Email is both the most useful tool I have for communicating and the most problematic.
It’s useful because it’s inexpensive to send and receive, integrated with many of my other communication and information tools (websites, phone texting, calendar and contacts), and able to work with multiple media, from text to images to video to links.
Best of all, it’s asynchronous: I can send you a message when I think of something, without worrying about interrupting you, and you can respond when it’s convenient. We don’t have to schedule the communication or stop what we’re doing to interact.
Except… email often is an interruption, even a disruption. It comes in without stop (either scheduled or when I check mail, interrupting myself) and feels as urgent as a phone call or a person popping in the door. A single question can require hours of research to respond. And a long and winding email takes time to read and understand, before I even begin to respond to it.
A few years ago, Mike Davidson proposed “A Lo-Fi Solution to E-Mail Overload: Sentenc.es.” The idea is that one chooses to write emails of no more than five sentences each, and to link in the email to an information page that explains why the email is short.
This is a great solution as far as it goes. It forces me, as a sender, to limit the commitment I make to the response, much as writing a tweet limits me to think in a 140 character space rather than an essay. It suggests that if I have multiple topics to communicate about, I should send them in distinct emails (especially useful for my recipients who use the emails as to-do list items).
Would short emails take longer to write? Yes and no. I’ve found they do require more time for editing, but I believe the resulting message is clearer, and therefore should save time overall in the conversation. Moreover, once I’ve written a few short messages I feel I get into the swing of the style, and subsequent messages become easier. (Again, this is like writing on Twitter, where after a while you begin to use common phrasing and abbreviation, and keeping your character count down isn’t such a chore.)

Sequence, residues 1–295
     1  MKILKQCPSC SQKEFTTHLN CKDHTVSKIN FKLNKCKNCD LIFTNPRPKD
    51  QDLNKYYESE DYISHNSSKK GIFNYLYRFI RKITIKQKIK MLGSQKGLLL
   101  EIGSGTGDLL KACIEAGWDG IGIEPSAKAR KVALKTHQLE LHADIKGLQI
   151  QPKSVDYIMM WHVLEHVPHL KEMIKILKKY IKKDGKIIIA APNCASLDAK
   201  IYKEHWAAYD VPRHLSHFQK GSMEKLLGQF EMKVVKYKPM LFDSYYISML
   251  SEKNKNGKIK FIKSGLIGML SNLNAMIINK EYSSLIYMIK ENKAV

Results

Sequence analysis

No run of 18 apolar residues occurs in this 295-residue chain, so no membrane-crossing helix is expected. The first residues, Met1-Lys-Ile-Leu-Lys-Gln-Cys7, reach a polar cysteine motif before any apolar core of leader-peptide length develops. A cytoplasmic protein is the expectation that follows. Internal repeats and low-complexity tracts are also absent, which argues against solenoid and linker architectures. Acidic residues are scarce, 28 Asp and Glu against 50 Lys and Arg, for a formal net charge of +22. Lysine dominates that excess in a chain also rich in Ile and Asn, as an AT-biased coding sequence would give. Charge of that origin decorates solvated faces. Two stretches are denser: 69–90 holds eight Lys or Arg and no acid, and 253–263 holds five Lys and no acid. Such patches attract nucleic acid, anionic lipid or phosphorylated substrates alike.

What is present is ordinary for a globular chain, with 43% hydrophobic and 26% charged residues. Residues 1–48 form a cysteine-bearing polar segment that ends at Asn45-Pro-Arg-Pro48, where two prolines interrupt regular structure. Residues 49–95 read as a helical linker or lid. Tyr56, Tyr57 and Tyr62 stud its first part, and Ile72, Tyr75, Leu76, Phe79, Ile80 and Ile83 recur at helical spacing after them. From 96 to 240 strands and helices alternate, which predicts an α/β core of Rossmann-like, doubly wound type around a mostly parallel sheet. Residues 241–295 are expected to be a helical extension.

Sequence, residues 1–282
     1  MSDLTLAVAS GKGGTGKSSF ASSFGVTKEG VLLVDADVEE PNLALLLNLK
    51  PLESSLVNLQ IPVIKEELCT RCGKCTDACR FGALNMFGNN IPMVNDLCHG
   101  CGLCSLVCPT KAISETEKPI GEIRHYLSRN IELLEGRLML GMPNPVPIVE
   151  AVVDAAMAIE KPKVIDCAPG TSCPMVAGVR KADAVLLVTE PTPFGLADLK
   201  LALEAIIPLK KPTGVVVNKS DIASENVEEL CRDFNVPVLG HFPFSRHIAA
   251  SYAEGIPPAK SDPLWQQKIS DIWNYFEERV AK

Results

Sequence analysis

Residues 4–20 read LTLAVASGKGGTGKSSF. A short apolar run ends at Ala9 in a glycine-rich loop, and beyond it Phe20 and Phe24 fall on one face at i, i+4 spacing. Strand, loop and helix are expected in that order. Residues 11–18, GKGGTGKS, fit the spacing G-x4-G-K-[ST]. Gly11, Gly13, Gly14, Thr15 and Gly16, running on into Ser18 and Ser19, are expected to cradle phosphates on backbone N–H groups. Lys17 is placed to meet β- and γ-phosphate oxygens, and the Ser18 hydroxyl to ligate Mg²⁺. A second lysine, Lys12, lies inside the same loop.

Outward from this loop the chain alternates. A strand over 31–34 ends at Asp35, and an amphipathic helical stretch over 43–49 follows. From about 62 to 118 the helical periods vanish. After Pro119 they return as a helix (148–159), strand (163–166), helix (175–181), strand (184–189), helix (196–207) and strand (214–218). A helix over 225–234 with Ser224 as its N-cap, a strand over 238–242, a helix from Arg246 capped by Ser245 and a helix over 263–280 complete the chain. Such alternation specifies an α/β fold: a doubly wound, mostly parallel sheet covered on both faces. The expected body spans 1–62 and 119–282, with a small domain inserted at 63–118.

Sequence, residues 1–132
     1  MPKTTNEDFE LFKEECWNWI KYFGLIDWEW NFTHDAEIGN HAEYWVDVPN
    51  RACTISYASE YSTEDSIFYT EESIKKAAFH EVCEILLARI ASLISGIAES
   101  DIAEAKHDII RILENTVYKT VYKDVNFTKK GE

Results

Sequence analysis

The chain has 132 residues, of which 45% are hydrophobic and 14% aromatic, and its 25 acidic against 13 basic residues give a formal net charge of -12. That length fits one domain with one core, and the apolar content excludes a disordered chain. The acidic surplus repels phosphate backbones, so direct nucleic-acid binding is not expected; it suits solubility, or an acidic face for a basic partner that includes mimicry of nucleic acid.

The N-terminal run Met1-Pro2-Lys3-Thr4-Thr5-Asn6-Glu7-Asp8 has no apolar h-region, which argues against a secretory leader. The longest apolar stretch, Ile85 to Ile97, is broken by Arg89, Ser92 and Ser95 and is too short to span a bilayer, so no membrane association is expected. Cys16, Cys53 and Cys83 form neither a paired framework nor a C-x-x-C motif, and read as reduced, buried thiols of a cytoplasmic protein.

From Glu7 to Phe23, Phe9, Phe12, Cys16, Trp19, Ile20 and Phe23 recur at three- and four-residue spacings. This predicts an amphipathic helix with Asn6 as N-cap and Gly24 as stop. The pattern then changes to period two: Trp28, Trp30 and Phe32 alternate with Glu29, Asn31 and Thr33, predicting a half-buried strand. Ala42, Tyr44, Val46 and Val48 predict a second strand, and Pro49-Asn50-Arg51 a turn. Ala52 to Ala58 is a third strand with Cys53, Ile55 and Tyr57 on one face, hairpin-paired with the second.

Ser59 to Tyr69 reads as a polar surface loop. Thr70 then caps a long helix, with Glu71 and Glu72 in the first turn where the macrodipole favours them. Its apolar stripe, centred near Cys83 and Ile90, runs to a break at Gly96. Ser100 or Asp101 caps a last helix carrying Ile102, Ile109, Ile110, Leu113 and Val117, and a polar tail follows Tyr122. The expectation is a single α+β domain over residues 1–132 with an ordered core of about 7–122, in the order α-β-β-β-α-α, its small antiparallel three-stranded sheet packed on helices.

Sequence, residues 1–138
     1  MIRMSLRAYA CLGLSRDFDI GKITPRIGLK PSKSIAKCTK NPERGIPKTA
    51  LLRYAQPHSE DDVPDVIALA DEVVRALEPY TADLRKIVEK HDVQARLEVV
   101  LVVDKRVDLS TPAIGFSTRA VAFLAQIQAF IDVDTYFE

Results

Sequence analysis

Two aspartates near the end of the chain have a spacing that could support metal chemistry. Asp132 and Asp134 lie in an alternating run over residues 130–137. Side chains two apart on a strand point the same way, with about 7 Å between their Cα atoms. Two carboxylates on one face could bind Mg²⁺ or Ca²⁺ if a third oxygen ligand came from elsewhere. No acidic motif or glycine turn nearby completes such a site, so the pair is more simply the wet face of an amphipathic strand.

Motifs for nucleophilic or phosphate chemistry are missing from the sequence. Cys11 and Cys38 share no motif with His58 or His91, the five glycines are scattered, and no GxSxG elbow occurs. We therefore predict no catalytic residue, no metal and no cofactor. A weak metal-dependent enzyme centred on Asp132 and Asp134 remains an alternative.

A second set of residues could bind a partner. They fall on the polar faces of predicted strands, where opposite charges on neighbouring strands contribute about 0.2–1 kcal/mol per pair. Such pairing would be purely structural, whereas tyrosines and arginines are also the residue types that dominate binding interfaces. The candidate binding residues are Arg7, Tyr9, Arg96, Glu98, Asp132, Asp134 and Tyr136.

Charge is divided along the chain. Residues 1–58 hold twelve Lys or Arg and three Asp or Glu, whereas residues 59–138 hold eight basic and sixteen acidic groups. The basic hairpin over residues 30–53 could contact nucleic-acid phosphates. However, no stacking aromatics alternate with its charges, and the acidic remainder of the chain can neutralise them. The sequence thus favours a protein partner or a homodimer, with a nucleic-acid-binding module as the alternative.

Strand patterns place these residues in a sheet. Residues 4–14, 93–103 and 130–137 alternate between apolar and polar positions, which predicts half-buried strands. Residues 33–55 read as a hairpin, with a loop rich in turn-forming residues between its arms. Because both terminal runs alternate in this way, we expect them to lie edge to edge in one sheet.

But here’s the rub: I want the messages I receive to be as short as the messages I send. If a message needs to be long, it shouldn’t be a message at all — it should be an attachment (if it’s a bunch of data I need) or a conversation.
How can I convey to business associates that we’ll all benefit if we whittle our messages to their essences?
I could post this proposition in my email signature, but that would obviously make every message long, defeating the purpose in part.
One thought I’ve had is to create a policy page, similar to five.sentenc.es, that briefly explains the concept and list a guaranteed response time for emailers who keep their emails short. Would people read it? Would it seem too inflexible or draconian?
Do you think setting a two-way short-emails-only policy is a good idea, from a business standpoint? What alternatives do you see? How could one set and enforce such a policy?
UPDATE: For a solution to a different but related problem, check out Thanks No, mentioned in the comments to Davidson’s original post I linked above.